By Jocelyn Avigad and Tina Puryear, Freedom from Torture
Governments and regimes who torture people have very clear intentions. They carry out physical and psychological acts of violence against targeted individuals and families in order to break a person and fragment families and communities. And they do this to invoke such extreme fear and shame that victims and their families will remain silent.
Such was the case for Ali and his family who are survivors of torture and organised violence. In 2003, Ali was three-years-old when he claimed asylum in the UK together with his maternal grandmother and her two daughters (Ali’s aunts), then 10 and 19.
Before the Taliban seized power in Afghanistan, Ali lived in a close and stable extended family unit in which traditionally the younger adults (including Ali’s parents) worked and the older generation of women took responsibility for child care. This stability was shattered when the Taliban murdered and raped close family members and caused others to flee for their lives at a moment’s notice. In flight, Ali was separated from his parents and baby brother. Until December 2009, he feared they were dead.
In the first sessions with Ali (then aged three) and his grandmother, the family therapist working with Ali was overwhelmed by his capacity, through use of toy people and animals, to share with the therapist through an interpreter, his last memories of his parents – particularly those of his father being attacked by ‘soldiers’. Ali’s story unfolded in those fortnightly sessions, confirmed and expanded on by his grandmother and witnessed by the therapist and the interpreter in their different roles.
At Freedom from Torture, we have learned that in order to provide safe and appropriate support to families and separated young people who are survivors of torture, practitioners need to adapt a holistic approach. This includes attending to the risks, the resilience and the rights of clients such as Ali and his family:
All practitioners are trained to assess for and to respond to risks, yet in the main, the focus is on personal risks, such as self-harm or suicide risks, or relational factors such as child protection risks. But when working with survivors of torture, practitioners need to also assess for and be mindful of asylum related risks such as detention and removal as well as practical/support related risks such as homelessness and destitution.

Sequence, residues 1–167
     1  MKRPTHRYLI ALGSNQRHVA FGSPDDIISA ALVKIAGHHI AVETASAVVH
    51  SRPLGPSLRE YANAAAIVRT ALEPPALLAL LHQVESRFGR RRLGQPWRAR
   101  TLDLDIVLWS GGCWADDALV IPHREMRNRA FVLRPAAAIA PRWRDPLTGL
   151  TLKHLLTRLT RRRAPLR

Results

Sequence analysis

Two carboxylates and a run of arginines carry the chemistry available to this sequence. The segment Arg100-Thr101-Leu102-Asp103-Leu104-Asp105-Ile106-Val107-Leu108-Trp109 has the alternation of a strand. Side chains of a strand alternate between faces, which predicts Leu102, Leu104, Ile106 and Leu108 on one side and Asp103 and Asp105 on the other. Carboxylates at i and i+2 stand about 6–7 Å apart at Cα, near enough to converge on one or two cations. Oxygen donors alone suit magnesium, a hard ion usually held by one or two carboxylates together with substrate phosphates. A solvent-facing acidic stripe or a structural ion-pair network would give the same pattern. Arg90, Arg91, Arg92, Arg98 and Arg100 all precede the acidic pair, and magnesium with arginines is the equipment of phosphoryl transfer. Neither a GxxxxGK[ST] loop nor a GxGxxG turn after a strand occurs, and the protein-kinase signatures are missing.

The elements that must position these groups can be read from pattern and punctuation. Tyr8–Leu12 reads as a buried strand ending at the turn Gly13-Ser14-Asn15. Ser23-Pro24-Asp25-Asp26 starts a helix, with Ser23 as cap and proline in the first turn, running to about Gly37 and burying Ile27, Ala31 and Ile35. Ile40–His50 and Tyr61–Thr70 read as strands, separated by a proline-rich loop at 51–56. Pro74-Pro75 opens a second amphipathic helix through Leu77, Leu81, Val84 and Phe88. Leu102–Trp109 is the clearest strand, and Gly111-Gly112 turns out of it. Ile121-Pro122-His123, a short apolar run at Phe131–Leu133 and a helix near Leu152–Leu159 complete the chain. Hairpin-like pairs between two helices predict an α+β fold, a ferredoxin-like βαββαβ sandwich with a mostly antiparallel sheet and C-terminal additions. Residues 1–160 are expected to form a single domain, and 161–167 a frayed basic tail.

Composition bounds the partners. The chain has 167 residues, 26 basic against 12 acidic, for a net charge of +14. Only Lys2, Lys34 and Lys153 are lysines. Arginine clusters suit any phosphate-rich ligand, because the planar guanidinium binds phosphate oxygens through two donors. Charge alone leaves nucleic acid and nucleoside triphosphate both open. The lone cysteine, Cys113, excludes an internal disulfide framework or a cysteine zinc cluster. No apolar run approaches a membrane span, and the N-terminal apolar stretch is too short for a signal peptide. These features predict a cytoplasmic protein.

The family therapist was particularly concerned with the risk that Ali’s mental health could deteriorate significantly the longer the separation from and lack of information about his birth family continued. This would have impacted his physical health, his capacity to engage in school, and his ability to socialise and enjoy close, robust relationships.
Again, practitioners working with complex trauma know the importance of building on the clients’ resilience in helping them to re-build their inner strength and improve their functioning in daily life. However, when working with survivors of torture, such as Ali, this can be especially challenging because resilience can be seriously undermined by the extremeness of the experiences of torture, loss, dislocation and relocation.
In other words, life in exile, dealing with the aftermath of torture, grief and loss, separation from the young person’s usual support networks, and the liminal stress of awaiting a decision on an asylum claim can dangerously erode a person’s capacity to access their former strengths and resilience.
In the case of Ali, he was struggling at school. For instance, the pain of watching parents take and fetch their children from the school gate was acute, as was his inability to control his anger and the impact this was having on his friendships and learning.
The therapist drew on the fact that Ali was acknowledged by his peers as a good footballer and was passionate about the great Argentinian footballer, Messi, whose story was not dissimilar to his own. This did at times motivate Ali and provided a source of inspiration for him.
The family therapist’s input to school staff through sharing a ‘traffic light metaphor’ that Ali used to describe his feelings and understand the rapid changes in them was well received. It offered a strategy for both school staff and Ali to work together with considerable success.
Torture is political; it is a violation of one of the fundamental human rights. Torture is part of a wider experience of war, conflict, turmoil and/or persecution. Survivors of torture have often experienced years of discrimination and persecution before and after experiences of torture. As practitioners, our role is not just to respond to the therapeutic need of the client, but to also to support the fulfilment and respect of the rights of the survivor while here in the UK.
This can begin with the ‘witnessing’ of the story but ultimately includes supporting a client in realising their rights here in the UK (including the right to rehabilitation, to access services and support such as housing, to non-refoulement – see end note 2).